Contact with people and animals improves our physical and mental health

An analysis of more than 200 studies involving nearly 13.000 people found that touch such as hugging, cuddling and massage can reduce pain, depression and anxiety in adults and children. Studies show that benefits are seen in both healthy people and clinical settings.

Touch, the sense that puts us in constant contact with reality, is the first sense that develops in babies. Previous research has analyzed how the way we interact more directly with the world has a positive impact on physical and mental health, although they did not take into account the influence of other variables such as the type of contact or who makes it.

Today, the journal Nature Human Behavior published a systematic review and meta-analysis of 212 studies with 12.966 people analyzing the benefits of affection.

The authors, led by Julian Packheiser, a neuroscientist at Ruhr University in Bochum, Germany, found strong evidence of health benefits in adults who come into physical contact with people or objects, including robots or body pillows.

"Our research is important because tactile interventions can be a very powerful tool to improve the health of the general population.” explains Packheiser. "But we need to know what limiting factors influence its effectiveness.".

the power of hugs

the contact

The authors found similar benefits for physical health and only slightly smaller benefits for mental health when people touched another person instead of an object.

"This is very important for people who, due to loneliness or illness, cannot interact with others."Packheiser said."This was true for everyone during the pandemic, so this result could have concrete implications for the future".

The frequency of petting is also important because more frequent intervention is associated with more beneficial results. They have also been shown to be effective in improving the mental health of both clinical and healthy populations. Similarly, the effectiveness of petting was relatively similar across all cultures, age groups, and genders analyzed.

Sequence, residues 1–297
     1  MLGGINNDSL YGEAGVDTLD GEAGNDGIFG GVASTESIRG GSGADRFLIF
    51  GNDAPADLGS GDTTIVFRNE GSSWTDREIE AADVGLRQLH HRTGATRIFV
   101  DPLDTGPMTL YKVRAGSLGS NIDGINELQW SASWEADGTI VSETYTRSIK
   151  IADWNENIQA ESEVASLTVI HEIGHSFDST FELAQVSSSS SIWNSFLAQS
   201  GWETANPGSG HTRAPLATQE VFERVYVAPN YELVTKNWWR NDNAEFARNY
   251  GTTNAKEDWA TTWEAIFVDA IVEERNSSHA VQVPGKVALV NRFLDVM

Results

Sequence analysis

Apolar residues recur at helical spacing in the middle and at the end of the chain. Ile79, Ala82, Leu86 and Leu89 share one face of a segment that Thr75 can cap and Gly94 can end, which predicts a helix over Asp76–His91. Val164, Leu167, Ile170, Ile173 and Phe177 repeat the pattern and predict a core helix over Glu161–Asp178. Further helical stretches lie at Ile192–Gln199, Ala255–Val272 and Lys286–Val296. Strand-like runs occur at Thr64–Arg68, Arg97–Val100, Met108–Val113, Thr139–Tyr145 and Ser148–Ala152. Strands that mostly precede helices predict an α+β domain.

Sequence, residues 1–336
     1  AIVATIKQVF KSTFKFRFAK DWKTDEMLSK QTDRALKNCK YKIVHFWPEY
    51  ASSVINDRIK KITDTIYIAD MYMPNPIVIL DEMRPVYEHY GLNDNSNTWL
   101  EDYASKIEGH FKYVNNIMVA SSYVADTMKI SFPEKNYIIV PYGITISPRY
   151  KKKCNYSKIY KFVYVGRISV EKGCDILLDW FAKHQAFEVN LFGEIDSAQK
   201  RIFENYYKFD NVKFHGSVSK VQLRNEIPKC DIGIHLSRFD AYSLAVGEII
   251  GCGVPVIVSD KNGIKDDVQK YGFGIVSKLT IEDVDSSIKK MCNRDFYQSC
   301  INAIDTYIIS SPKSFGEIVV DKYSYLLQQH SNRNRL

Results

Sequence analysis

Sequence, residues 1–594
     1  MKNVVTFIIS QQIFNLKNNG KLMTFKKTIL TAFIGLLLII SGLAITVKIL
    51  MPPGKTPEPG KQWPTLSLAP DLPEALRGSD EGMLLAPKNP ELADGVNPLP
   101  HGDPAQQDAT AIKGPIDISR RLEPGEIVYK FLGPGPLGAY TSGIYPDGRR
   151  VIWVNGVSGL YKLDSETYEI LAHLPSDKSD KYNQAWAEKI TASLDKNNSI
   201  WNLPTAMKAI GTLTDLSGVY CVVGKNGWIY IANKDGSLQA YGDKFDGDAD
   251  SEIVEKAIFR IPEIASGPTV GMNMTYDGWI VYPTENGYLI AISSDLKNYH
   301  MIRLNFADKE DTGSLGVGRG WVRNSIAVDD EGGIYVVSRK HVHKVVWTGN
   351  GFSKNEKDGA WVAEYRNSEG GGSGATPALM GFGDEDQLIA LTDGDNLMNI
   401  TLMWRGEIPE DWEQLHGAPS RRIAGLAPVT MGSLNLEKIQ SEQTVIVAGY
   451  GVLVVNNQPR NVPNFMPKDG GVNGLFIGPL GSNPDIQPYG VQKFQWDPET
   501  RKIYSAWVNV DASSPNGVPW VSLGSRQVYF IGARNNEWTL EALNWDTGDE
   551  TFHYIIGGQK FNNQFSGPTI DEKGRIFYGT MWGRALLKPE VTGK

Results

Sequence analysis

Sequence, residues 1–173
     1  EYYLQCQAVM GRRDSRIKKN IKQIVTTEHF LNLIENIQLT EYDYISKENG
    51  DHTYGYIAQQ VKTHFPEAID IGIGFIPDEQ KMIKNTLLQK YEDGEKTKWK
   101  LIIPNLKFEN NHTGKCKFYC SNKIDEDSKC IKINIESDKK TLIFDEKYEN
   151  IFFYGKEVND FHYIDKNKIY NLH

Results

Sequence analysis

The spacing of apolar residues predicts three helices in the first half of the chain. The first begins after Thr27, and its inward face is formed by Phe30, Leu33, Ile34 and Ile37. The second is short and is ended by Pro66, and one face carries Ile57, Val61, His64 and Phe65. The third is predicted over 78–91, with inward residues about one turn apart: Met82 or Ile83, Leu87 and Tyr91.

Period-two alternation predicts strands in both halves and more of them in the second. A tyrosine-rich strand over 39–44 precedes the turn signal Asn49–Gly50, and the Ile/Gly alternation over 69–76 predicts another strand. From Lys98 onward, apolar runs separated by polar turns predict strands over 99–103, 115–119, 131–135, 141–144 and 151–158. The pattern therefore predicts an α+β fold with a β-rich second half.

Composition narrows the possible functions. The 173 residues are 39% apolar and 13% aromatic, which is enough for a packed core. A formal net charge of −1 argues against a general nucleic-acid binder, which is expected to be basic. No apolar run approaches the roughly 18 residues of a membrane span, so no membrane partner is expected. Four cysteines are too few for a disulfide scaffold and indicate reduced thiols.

However, there is no difference depending on the type of communication (for example, massage or hug).
 "Massages, hugs or caresses seemed to be just as effective. The duration of the caress was also not important, but the frequency of the intervention was. So getting a massage is often better, but it doesn't have to last a long time,” he added. “People who receive a massage feel better than those who receive affection from a friend or partner.”"He explains.
"However, the situation is different for newborns because they are more likely to improve when touched by their parents than when touched by a nurse.".

The authors also observed a stronger effect when touching the head (e.g., face or scalp) compared to other parts of the body, such as the trunk, with unidirectional rather than bidirectional contact being more beneficial.

The benefit occurs if the contact is consensual

"Consent is essential to alleviate symptoms of pain, anxiety and depression. If there is a need for contact, we can only recommend that interactions such as hugs or massages be integrated more into the therapeutic context to reduce these feelings.”Packheiser continued.

"It could be a complementary action to existing therapies in, for example, pain syndromes or depressive disorders: giving people, for example, a weighted blanket or a social robot, or seeking more contact in their environment”he suggests. “We hope that our study will have a long-term impact on policy makers, who could implement measures of this type".

Upcoming research

The authors suggest that future work should test the effectiveness of different sensory interventions in large controlled trials to ensure the validity of the results on the benefits of touch.

Additionally, they could test whether tactile interactions are equally effective across cultures, since most existing research is based on middle- and high-income cultures.

"We take such a global approach that details are often missing. Although we know that, for example, the mental health did not improve as much with robotic contact as with human contact, we could not understand why”, Packheiser points out. “The mechanisms underlying these findings remain poorly understood."

Reference:

Julian Packheiser et al.: “A systematic review and multivariate meta-analysis of the physical and mental health benefits of touch interventions.” Nature Human Behavior 2024

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